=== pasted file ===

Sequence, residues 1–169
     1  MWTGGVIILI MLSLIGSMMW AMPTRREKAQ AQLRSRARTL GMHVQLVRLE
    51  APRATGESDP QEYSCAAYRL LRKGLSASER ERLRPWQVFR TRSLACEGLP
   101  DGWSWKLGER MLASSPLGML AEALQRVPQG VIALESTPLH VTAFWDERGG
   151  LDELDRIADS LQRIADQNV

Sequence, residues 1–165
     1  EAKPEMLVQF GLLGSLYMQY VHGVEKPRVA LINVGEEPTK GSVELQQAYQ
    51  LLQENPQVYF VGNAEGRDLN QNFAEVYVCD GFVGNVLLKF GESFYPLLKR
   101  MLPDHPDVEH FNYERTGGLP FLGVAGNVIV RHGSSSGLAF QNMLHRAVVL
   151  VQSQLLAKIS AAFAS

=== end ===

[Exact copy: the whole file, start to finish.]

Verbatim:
Sequence, residues 1–169
     1  MWTGGVIILI MLSLIGSMMW AMPTRREKAQ AQLRSRARTL GMHVQLVRLE
    51  APRATGESDP QEYSCAAYRL LRKGLSASER ERLRPWQVFR TRSLACEGLP
   101  DGWSWKLGER MLASSPLGML AEALQRVPQG VIALESTPLH VTAFWDERGG
   151  LDELDRIADS LQRIADQNV

Sequence, residues 1–165
     1  EAKPEMLVQF GLLGSLYMQY VHGVEKPRVA LINVGEEPTK GSVELQQAYQ
    51  LLQENPQVYF VGNAEGRDLN QNFAEVYVCD GFVGNVLLKF GESFYPLLKR
   101  MLPDHPDVEH FNYERTGGLP FLGVAGNVIV RHGSSSGLAF QNMLHRAVVL
   151  VQSQLLAKIS AAFAS